Momentary, light affliction is producing for us an eternal weight of glory far beyond all comparison, while we look not at the things which are seen, but at the things which are not seen; for the things which are seen are temporal, but the things which are not seen are eternal.
–2 Corinthians 4:17-18

Why does God allow suffering in our lives? Let’s look at three reasons God allows suffering.

First, God allows suffering so that we can identify with the sufferings of other people. You and I will never really understand as Christians what our life is all about until we understand it is about other people. The one reason God left us here on earth and did not take us to Heaven when He saved us was so that we could be His representatives here on earth. We are to represent Him to unbelievers by sharing the gospel with them. God also wants us to minister to fellow Christians who are suffering, and we cannot do that until we have experienced suffering ourselves. In 2 Corinthians 1:4, Paul said that God “comforts us in all our affliction so that we will be able to comfort those who are in any affliction with the comfort with which we ourselves are comforted by God.” God wants you to be able to share with other Christians who are suffering the way God has helped you and strengthened you so that you can encourage them as well.

Second, God allows suffering to satisfy His plan for our lives. What is that plan? It is found in Romans 8:28: “We know that God causes all things to work together for good to those who love God, to those who are called according to His purpose.” Everything in your life is working together for good. What is the “good”? It is not a happy marriage or a full bank account. No, the “good,” God’s purpose, is found in verse 29: “Those whom He foreknew, He also predestined to become conformed to the image of His Son, so that He would be the firstborn among many brethren.” God uses not just the easy things, but also the hard things in our life to conform us to the image of His Son.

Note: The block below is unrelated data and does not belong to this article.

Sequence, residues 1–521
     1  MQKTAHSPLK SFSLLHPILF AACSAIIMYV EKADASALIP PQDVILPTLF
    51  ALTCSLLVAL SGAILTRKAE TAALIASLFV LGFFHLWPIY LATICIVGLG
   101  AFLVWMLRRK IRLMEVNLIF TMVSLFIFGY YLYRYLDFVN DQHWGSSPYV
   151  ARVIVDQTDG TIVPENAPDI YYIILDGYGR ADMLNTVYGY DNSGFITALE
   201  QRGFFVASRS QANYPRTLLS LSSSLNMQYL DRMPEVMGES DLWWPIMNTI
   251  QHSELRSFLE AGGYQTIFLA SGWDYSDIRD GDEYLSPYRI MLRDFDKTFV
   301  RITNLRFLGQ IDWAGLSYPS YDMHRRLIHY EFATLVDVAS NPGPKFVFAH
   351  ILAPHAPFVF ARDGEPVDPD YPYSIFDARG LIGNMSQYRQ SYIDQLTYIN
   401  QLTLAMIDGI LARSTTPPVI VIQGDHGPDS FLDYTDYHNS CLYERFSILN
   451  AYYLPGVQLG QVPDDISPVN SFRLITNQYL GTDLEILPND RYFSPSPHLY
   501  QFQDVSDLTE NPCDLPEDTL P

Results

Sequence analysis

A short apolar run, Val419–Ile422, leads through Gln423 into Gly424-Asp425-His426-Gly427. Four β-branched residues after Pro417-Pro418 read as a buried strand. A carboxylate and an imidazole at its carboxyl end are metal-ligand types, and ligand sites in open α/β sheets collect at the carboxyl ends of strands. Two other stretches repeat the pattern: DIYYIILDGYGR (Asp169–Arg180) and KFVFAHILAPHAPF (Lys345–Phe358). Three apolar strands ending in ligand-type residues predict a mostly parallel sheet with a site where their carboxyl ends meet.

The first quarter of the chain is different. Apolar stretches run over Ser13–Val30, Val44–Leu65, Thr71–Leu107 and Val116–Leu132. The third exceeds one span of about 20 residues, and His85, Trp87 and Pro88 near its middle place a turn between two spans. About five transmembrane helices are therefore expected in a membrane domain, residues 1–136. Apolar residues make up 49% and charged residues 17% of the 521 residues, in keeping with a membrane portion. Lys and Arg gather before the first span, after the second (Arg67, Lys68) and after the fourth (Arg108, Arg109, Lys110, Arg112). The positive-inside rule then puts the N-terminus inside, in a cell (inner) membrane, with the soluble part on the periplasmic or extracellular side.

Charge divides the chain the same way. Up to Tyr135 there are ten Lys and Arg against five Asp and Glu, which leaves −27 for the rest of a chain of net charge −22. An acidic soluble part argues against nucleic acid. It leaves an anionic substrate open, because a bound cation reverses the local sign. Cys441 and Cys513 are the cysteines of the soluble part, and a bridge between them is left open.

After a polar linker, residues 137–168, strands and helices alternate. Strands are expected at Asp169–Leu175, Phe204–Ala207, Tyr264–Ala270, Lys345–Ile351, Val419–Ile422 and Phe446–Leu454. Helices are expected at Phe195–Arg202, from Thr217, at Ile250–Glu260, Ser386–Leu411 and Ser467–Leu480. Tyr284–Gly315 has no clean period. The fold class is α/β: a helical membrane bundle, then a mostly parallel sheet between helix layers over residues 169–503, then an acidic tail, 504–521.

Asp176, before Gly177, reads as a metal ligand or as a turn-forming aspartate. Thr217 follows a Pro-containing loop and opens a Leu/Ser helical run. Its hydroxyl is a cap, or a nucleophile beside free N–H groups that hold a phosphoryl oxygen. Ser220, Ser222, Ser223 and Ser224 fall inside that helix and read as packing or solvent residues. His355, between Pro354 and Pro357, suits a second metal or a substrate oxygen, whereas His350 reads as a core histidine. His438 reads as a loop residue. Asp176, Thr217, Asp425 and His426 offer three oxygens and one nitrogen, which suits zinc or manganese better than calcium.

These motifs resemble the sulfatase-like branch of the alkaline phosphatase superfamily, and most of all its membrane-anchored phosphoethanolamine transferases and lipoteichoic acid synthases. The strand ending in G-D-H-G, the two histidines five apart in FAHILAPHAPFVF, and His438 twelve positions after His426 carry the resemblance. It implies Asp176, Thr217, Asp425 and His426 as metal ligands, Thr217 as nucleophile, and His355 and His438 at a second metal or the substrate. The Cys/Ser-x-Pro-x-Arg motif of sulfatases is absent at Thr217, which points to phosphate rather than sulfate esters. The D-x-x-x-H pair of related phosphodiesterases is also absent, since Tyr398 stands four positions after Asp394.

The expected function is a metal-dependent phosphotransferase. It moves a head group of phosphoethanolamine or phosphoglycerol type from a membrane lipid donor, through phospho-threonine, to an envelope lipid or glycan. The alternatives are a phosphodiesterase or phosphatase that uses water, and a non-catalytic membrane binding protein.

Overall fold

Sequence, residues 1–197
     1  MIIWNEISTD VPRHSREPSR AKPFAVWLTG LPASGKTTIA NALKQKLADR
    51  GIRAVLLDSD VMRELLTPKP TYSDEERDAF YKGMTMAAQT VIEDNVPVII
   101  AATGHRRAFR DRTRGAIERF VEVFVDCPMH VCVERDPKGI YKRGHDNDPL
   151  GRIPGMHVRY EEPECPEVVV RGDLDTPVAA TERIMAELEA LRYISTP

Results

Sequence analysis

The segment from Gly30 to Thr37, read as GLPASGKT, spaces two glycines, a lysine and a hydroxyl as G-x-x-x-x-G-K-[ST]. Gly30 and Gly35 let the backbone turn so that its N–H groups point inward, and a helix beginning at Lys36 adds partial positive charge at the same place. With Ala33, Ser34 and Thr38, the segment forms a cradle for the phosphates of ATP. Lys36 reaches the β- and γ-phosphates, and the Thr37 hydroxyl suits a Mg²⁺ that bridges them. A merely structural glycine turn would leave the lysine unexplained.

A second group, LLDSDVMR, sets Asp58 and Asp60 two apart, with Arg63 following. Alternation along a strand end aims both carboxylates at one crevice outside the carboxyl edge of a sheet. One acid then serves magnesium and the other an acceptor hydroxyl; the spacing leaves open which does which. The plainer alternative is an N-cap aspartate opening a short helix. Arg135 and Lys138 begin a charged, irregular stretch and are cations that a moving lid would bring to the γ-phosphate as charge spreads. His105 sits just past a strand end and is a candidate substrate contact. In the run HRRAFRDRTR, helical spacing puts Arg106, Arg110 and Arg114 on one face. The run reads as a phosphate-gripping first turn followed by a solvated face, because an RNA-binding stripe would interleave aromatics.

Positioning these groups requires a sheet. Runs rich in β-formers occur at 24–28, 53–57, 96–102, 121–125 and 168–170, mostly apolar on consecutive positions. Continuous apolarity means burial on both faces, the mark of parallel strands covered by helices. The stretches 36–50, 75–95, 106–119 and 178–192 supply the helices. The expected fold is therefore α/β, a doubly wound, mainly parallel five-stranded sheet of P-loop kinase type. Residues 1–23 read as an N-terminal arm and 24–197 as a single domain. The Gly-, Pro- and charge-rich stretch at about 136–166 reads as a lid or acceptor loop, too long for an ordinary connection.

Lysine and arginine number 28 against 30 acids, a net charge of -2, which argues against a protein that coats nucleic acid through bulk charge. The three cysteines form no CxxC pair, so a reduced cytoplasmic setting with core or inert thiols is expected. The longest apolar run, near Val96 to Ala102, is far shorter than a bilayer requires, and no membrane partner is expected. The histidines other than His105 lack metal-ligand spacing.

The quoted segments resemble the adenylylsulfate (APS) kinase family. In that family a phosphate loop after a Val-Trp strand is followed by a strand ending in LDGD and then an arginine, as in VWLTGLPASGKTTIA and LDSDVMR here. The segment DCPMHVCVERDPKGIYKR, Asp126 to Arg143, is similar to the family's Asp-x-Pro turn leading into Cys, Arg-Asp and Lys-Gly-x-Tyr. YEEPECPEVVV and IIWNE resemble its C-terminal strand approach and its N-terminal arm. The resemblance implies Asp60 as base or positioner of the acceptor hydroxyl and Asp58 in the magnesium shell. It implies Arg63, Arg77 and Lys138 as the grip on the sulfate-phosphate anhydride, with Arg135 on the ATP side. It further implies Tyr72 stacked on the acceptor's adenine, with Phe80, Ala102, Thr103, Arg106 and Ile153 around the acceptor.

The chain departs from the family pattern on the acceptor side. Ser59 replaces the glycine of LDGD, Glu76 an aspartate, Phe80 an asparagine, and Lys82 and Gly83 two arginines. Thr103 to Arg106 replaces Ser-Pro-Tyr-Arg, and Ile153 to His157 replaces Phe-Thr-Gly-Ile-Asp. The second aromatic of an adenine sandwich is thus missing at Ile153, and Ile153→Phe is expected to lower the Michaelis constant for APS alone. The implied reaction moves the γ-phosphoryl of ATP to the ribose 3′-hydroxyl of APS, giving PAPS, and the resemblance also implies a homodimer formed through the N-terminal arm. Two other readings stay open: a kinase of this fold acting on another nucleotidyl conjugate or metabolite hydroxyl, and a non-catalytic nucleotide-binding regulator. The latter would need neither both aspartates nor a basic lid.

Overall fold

Finally, God uses suffering to nullify our fear of death. If you live long enough and suffer long enough, there will come a time when you are ready to go home. My parents and my grandparents said to me, “Robert, don’t cry for us when we are gone; we are ready to go.” God allows that suffering, I think, to make us hungry for Heaven to remind us this world really isn’t our home. We are just passing through. In 2 Corinthians 4:17-18, Paul said, “Momentary, light affliction is producing for us an eternal weight of glory far beyond all comparison, while we look not at the things which are seen, but at the things which are not seen; for the things which are seen are temporal, but the things which are not seen are eternal.” One day, we are going to rejoice when we look back and see how God used all of this together to accomplish His plan for our lives. But in the meantime, suffering is a very real part of God’s plan for us. Martin Luther said it this way: “Until a person experiences suffering, he cannot know what it means to hope.”

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Today’s devotion is excerpted from “For Those Who Hurt” by Dr. Robert Jeffress, 2018.

Scripture taken from the NEW AMERICAN STANDARD BIBLE®, Copyright © 1960,1962,1963,1968,1971,1972,1973,1975,1977,1995 by The Lockman Foundation. Used by permission.

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